Standards Board Keeps Moving on Proposed Indoor Heat Illness Standard

Mel DavisWhat is the status of Cal/OSHA’s indoor heat illness prevention standard?

The Occupational Safety and Health Standards Board will soon hear the second revision of proposed Section 3396, Heat Illness Prevention in Indoor Places of Employment.

The genesis of this regulation began with the passing of SB 1167 in 2016, approved by then-Governor Jerry Brown and directing Cal/OSHA to adopt rules to protect indoor workers from heat-related illness and injury. The Division of Occupational Safety and Health (DOSH) held three advisory committee meetings to develop a proposed regulation to address the mandate of SB 1167.

A number of existing Title 8 regulations address related requirements relevant to factors to prevent heat illness, but none of them identify indoor heat as a hazard.

Examples of these regulations are sections 1512 (construction safety orders, emergency medical services), 3203 (Injury and Illness Prevention Program), 3395 (heat illness prevention for outdoor workers), 3400 (medical services and first aid), 6512 (emergency medical services in the petroleum industry), 6969 (mine safety orders, care of the injured), and 8420 (tunnel safety orders, care of the injured).

Latest Revisions

The following proposed revisions are the result of comments subsequent to the second 15-day notice and Cal/OSHA Standards Board staff consideration:

• Subsection (a)(1) exception (C) (scope): Does not apply to designated incidental exposures for specified time duration.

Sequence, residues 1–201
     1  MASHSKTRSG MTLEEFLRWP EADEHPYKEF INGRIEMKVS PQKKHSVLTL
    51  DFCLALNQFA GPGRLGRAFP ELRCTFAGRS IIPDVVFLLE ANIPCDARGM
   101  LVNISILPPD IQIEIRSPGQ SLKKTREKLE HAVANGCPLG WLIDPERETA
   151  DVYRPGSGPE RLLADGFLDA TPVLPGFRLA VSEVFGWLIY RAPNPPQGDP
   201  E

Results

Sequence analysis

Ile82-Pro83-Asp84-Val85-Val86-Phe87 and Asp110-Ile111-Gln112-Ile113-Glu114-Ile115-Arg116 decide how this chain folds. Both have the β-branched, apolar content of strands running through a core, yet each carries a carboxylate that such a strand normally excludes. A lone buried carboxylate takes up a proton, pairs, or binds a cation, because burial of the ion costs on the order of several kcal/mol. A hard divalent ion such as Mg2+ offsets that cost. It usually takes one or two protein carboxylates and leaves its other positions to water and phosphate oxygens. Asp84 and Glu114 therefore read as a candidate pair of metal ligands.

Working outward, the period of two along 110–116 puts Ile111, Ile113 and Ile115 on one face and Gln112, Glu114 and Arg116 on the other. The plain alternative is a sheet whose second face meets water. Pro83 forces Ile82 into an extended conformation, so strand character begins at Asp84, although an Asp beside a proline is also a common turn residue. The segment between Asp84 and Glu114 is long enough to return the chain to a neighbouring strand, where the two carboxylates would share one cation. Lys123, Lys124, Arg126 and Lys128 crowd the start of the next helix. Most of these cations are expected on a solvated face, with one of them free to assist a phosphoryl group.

• Subsection (a)(1) exception (D)(scope): Emergency operation addressing protection of life or property.

• Subsection (a)(5) (scope): Deleted.

• Subsection (b)(11): Definition of “high radiant heat area.”

• Subsection (b)(12): New definition of “high radiant heat source.”

• Subsections (b)(13) through (b)(21): Renumbered.

• Appendix A: National Weather Service Heat Index Chart (2019).

Worth Noting

The regulation, when adopted, will be specific to all indoor work areas where the temperature is 82 degrees Fahrenheit or greater and there are employees present. There are, however, exceptions to the requirements such as when employees are working from home/teleworking, have limited exposure, or face imminent life-threatening situations.

The proposed regulation includes several new definitions, such as “clothing that restricts heat removal,” “cool down area,” “globe temperature” (referring to temperature taken with a specific type of thermometer), as well as other terms.

Copious amounts of water must be made available — a minimum of one quart per hour per exposed employee; the temperature or heat index, whichever is greater, is to be recorded (including time, date and location of measurement) and maintained; and all other environmental risk factors relating to heat illness noted.

The proposed regulation also addresses emergency procedures in the event of an incident, emergency contact information, and supervisor protocol if an incident is in progress or there is concern that an employee may be experiencing heat-related problems.

More Information

The complete proposal can be found at the Standards Board website for the new proposed indoor heat regulations:

Any written comments on the second 15-day notice were to be received by the Cal/OSHA Standards Board by 5 p.m. on November 28, 2023.

The proposal will be scheduled for adoption at a future business meeting of the Board.

Column based on questions asked by callers on the Labor Law Helpline, a service to California Chamber of Commerce preferred members and above. For expert explanations of labor laws and Cal/OSHA regulations, not legal counsel for specific situations, call (800) 348-2262 or submit your question at